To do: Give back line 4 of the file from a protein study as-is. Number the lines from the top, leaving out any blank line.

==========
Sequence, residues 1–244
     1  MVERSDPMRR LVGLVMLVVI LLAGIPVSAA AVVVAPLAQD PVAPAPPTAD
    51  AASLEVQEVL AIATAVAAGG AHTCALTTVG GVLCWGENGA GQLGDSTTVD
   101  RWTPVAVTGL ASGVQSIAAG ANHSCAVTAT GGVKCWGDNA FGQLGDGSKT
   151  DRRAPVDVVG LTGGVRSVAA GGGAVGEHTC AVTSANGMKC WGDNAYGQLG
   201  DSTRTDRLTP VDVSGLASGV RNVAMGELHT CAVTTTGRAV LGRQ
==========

   101  RWTPVAVTGL ASGVQSIAAG ANHSCAVTAT GGVKCWGDNA FGQLGDGSKT